While the CAA is yet to produce a full report on the issue of automation and its impact on flight safety, the US FAA conducted a comprehensive study on the topic in 2013. In its report, the FAA made it clear that the development of new automated systems had served to improve performance in a number of areas.
The group found that "automated systems have made important positive contributions to safety, through reduction in workload and other factors." It added that the systems had contributed to improvements in accuracy and fuel efficiency".
However, the FAA also raised concern over "vulnerabilities" relating to pilot use and interaction with the systems. The report said: "Pilots sometimes over-rely on automated systems – in effect, delegating authority to those systems, which sometimes resulted in deviating from the desired flight path under automated system control."
Figures included in the report showed that roughly a quarter of pilots involved in accidents had been over-confident in the systems and that some were reluctant to intervene. In its review of accidents, the group also found that more than half of the pilots were out of the control loop and not prepared to assume control when necessary.
The FAA suggests that in a number of cases, a pilot’s over-confidence or over-reliance on automation is leading them to doubt their own abilities, or in fact to lead them to a reduction in their capabilities. It notes that such problems are amplified by operating policies of some operators that prioritise automated operation over manual. Identifying a possible consequence the report said: "Pilots may not be prepared to handle non-routine situations, such as malfunctions or off-nominal conditions."
The risk of information overload
Another potential risk posed by the shift to greater automation is the pilots being presented with too much information. "The WG was told by several manufacturers that today’s technology allows for too much information to be presented to the pilot, which could overload the pilot during routine or critical phases of flight. What is presented, how it is presented, and resulting pilot understanding, especially in regards to flight path management, must be addressed for safe operations."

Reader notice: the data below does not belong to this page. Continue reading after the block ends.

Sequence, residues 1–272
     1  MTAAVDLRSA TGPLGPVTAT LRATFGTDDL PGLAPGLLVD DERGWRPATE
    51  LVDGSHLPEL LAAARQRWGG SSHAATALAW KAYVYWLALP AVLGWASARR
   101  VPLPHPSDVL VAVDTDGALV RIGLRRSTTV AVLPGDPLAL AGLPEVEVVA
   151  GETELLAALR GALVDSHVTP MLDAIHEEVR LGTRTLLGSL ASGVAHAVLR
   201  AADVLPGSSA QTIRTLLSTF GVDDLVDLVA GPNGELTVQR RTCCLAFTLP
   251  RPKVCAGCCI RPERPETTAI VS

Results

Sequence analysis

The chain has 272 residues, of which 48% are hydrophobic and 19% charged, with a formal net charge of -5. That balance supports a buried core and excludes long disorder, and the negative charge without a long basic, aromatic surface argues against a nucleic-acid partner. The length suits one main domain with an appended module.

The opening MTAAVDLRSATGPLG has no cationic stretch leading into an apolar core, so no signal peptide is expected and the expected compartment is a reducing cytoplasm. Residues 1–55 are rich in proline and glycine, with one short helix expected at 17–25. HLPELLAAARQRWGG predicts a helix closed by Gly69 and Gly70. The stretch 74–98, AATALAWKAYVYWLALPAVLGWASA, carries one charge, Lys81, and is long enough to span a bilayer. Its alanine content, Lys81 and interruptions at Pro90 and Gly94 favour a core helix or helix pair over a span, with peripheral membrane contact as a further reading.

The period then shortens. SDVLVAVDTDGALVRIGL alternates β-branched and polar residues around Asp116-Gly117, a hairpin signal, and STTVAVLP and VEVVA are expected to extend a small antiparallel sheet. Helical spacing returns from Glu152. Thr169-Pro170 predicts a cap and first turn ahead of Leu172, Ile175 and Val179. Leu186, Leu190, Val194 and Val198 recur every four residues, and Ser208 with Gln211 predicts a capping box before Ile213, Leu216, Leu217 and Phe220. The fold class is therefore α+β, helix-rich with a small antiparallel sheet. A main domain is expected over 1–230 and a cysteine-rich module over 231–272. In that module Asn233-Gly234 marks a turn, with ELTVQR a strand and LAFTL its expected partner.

Based on its own initial findings and the information provided by the FAA, the CAA has issued a series of recommendations which it believes should be adopted by industry. Relating specifically to automation, it called for helicopter manufacturers to review their recommended training material to ensure that pilots are better prepared for operating "modern highly complex aircraft".
Further it called for pilot training organisations and helicopter operators to adopt manufacturers operating philosophies and recommended practices in order to minimise the risk malfunction or misuse.
As the FAA and CAA both explained, the evolution of automated technology within the aviation sector has provided significant benefits, both in terms of safety and operation. But the issues involved in the crash last August, and other similar incidents, suggest that an awkward tension has developed between human pilots and their computerised counterparts.
While they were originally developed to merely assist, automated flight systems are now, in some cases, the dominant force. For the industry and the authorities, the challenge is to ensure that the role of the automated systems and the human pilots are clearly defined and carried out without fail, as confusion can lead to grave consequences.